This foot belongs to Audrey, my black Australorp. She was my foot model because none of the other hens would volunteer--they all needed pedicures and were embarrassed about the state of their nails.
Next to Audrey's foot, you'll see acorns.
Here are more acorns in the chicken run. This is just two days worth of acorn drop off the Live Oak that shades the coop and run.
Here's a patch of ground that is about 1 ft. square. To say we have an abundance of acorns this year, would be an understatement. The thing is, they're hard as rocks. My poor chickens have no grass in their run to cushion their feet from the darned acorns. It must be like walking on marbles for them. I used to rake them every other day, but now I've taken to using the big push-broom to just sweep them away--much quicker and more efficient.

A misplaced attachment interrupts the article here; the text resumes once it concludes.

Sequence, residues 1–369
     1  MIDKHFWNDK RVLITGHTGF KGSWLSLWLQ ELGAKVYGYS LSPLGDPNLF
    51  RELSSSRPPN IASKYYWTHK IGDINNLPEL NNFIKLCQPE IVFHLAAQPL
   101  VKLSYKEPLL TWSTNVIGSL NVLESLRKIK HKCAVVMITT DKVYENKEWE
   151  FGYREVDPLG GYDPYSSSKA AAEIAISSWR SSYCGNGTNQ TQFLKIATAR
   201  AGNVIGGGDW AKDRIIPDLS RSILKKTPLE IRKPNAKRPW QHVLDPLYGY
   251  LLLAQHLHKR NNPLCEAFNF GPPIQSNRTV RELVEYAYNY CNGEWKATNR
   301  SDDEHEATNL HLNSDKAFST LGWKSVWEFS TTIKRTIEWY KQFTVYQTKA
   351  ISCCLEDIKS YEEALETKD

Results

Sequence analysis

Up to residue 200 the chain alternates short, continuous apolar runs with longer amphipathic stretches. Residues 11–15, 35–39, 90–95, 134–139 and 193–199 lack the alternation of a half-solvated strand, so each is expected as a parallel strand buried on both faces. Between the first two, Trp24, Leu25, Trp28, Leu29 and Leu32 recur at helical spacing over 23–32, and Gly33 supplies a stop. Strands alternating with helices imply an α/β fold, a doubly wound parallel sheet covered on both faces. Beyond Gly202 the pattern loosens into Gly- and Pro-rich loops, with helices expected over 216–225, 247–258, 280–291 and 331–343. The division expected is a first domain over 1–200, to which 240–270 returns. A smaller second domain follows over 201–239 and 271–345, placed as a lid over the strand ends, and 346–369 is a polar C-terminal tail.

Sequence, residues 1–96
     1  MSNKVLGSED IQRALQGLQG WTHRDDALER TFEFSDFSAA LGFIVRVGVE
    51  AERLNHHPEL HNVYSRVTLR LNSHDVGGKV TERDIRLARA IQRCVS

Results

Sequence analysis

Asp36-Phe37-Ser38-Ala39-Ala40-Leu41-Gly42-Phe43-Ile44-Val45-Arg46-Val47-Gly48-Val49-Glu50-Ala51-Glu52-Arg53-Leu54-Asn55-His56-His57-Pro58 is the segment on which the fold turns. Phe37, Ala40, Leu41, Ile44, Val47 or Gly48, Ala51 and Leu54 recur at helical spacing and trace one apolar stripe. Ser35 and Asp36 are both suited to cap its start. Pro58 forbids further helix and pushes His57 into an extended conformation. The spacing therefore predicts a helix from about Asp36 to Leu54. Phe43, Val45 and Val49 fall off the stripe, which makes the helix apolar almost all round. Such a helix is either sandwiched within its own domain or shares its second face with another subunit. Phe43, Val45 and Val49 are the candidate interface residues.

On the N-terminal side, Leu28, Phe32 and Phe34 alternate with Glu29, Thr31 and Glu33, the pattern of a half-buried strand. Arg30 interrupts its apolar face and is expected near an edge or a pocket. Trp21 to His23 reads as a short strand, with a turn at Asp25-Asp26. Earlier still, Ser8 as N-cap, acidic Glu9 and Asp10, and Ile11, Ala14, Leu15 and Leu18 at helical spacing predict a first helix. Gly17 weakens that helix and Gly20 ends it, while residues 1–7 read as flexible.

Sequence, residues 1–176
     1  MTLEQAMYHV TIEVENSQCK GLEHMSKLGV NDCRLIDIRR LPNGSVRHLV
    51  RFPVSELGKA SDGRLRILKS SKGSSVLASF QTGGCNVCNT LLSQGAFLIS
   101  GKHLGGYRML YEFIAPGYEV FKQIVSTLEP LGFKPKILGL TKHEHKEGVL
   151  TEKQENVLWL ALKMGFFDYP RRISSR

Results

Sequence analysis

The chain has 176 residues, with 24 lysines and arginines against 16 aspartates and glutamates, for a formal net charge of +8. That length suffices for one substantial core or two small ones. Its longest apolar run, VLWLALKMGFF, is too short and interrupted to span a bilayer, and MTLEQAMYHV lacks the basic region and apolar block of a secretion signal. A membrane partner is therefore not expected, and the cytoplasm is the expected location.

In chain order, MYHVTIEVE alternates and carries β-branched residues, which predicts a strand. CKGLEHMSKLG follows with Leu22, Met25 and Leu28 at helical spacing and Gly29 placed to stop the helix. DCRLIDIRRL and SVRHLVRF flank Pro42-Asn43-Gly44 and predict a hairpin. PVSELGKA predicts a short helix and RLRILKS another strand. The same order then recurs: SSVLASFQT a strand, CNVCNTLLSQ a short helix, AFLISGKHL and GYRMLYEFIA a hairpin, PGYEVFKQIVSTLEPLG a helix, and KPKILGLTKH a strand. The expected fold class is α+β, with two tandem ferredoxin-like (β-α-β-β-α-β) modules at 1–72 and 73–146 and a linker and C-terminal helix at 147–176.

There are many myths surrounding plants and animals regarding weather. One of them just implies that if there are many acorns that we're in for a tough, long winter. If that's the case, we're in for the next ice age at our house.
Of course, what it really means is that the squirrels, deer and wild hogs will be getting fat. Acorn production on the trees starts the winter before. What the plant and animal folklore really points to is past weather, not weather prediction.
Think I should buy a snow blower, just to be on the safe side?